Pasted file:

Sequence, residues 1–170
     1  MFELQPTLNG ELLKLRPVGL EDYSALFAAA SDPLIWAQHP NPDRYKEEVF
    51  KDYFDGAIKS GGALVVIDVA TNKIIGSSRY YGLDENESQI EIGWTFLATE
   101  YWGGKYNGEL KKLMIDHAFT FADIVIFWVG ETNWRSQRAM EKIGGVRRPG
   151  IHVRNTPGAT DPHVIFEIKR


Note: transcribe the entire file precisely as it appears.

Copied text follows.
Sequence, residues 1–170
     1  MFELQPTLNG ELLKLRPVGL EDYSALFAAA SDPLIWAQHP NPDRYKEEVF
    51  KDYFDGAIKS GGALVVIDVA TNKIIGSSRY YGLDENESQI EIGWTFLATE
   101  YWGGKYNGEL KKLMIDHAFT FADIVIFWVG ETNWRSQRAM EKIGGVRRPG
   151  IHVRNTPGAT DPHVIFEIKR